What 10 Things Should I Consider Before Building An ADU?

People construct accessory dwelling units for a variety of purposes (ADU). Some construct them to shelter family members, while others construct them to generate additional revenue through rent. Regardless of the reason, an ADU is a fantastic investment. However, there are a few things you need to do before you start building an ADU.

1. Refer To The Property Development Standards For More Information.

You’ll need to look up your area’s property development regulations. You’ll need to know if the unit meets the requirements in your area. For example, you’ll need to know how many density units are permitted for a specific land. Your ADU unit must adhere to those density restrictions. In some places, the height of your unit is limited, and you must adhere to those restrictions. A unit may also be required to be set back from the property line or have access to two utility services limited. It’s critical to consult with your local government officials to determine the unit’s requirements.

2. Make A Plan.

When constructing an ADU, careful planning is essential. Before you begin the construction process, make sure you have everything planned out. A proper plan will not only make the construction process easier for you and your contractor, but it will also save you money.

3. Make A Financial Plan.

Before you begin the construction process, be sure your funds are in order. You don’t want to start construction and then run out of money before finishing. The majority of ADU projects fail due to poor budgeting. As a result, having a budget in place before you begin construction on the ADU is critical.

4. Privacy Concerns.

If it’s your parents, less privacy in the design can be okay. Their front door or porch can face your backyard entrance, creating a sense of inclusion and harmony in the living arrangement. Plants, trees, and window curtains could all be used as unobtrusive privacy screens. Privacy can be a deal breaker if you plan to rent the unit. Consider the possibility of a stranger residing in your backyard. Would you like to spend your free time in their company? Probably not, and there’s a chance the discomfort is reciprocal. Consider placing the ADU’s entrance on the side or back of the house, with plenty of vegetation for added privacy. These extra actions can go a long way toward making your living situation more pleasant for both you and your tenant.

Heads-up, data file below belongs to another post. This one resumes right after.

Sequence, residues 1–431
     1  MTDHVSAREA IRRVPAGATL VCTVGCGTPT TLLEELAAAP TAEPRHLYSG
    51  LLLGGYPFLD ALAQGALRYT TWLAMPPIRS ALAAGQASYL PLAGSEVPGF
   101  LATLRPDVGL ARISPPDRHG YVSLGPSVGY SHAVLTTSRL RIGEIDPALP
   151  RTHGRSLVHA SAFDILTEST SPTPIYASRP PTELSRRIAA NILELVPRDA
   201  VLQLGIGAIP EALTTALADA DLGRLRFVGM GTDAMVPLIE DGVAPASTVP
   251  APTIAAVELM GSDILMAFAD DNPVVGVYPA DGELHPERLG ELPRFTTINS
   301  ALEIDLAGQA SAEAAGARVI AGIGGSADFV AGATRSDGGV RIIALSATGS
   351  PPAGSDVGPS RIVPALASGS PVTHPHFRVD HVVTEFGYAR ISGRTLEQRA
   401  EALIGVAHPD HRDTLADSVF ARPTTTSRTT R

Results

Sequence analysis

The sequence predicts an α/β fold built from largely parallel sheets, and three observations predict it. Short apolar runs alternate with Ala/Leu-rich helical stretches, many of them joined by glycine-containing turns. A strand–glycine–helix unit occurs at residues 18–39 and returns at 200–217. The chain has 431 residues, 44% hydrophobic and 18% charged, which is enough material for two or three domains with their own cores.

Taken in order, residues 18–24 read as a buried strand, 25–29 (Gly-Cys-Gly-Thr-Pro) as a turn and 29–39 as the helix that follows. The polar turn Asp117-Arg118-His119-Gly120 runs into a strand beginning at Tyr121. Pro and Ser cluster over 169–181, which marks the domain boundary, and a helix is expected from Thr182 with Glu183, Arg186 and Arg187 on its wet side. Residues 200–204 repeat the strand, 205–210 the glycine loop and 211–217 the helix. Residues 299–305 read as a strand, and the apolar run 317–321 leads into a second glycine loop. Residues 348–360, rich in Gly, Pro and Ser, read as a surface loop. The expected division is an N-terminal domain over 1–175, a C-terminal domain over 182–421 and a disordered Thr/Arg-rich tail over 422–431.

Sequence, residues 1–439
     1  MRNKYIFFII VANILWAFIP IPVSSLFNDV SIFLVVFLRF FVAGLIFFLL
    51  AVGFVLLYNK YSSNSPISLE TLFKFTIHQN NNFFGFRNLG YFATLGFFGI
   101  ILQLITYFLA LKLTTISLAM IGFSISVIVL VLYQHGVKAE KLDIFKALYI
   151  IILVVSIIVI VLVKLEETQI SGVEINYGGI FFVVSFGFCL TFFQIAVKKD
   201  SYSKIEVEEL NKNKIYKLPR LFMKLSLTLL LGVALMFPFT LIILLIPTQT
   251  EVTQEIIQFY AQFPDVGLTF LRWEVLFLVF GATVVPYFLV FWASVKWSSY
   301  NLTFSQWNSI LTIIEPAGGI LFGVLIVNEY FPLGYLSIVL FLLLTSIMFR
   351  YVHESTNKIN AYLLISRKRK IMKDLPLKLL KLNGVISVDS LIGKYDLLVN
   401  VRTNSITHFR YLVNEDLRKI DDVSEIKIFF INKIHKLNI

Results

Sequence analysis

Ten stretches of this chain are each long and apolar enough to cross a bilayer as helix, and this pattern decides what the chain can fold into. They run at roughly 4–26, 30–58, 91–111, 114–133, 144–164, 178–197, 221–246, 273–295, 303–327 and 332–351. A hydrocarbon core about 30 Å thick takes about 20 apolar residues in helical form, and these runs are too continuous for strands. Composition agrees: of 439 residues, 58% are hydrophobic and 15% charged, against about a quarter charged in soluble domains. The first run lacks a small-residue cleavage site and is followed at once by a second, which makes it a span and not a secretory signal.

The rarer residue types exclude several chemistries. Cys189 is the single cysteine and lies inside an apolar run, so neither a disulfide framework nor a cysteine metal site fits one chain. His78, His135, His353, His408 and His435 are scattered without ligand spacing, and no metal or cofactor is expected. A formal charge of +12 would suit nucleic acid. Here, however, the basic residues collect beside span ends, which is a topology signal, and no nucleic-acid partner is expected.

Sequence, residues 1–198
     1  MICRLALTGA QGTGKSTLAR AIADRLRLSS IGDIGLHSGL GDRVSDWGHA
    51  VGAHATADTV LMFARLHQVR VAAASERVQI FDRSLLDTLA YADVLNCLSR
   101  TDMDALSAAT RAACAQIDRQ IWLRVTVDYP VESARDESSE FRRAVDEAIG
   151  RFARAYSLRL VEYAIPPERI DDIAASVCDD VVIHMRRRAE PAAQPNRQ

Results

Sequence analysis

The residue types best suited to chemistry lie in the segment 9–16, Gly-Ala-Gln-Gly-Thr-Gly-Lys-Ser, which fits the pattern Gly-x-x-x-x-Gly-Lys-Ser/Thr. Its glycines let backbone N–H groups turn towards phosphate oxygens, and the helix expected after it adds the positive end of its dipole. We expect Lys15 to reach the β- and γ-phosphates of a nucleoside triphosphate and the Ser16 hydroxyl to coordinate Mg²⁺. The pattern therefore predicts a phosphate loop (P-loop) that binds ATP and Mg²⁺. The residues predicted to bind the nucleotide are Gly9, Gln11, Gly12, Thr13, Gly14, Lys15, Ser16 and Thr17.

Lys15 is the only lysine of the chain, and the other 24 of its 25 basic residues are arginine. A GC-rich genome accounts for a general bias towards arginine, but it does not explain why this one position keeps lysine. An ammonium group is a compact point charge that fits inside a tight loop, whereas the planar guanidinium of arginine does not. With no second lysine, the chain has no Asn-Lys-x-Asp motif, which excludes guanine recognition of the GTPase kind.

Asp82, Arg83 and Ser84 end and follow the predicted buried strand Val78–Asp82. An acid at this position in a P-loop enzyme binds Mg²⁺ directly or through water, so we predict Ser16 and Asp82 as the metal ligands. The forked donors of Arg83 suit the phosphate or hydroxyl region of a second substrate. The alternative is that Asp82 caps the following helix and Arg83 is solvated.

5. Design Guidelines.

The unit’s design will differ between counties and cities. The way you construct the construction will be determined by the local codes and regulations. Bathrooms and kitchens will almost certainly be required in the majority of apartments. You won’t be able to utilize plug-in space heaters in most circumstances, therefore you’ll need to install a full heating system. If you don’t know what your area’s building design standards are, you’ll need to talk to structural and MEP design specialists or your local building authority to make sure everything is up to code.

6. Think About Saving Space.

ADU residents must deal with a lack of space. Things can get crowded when a kitchen, bathroom, sleeping area, and living space are all crammed into 1,200 square feet or fewer. Furniture, appliances, and storage options can all help to make these compact homes feel more spacious and comfortable.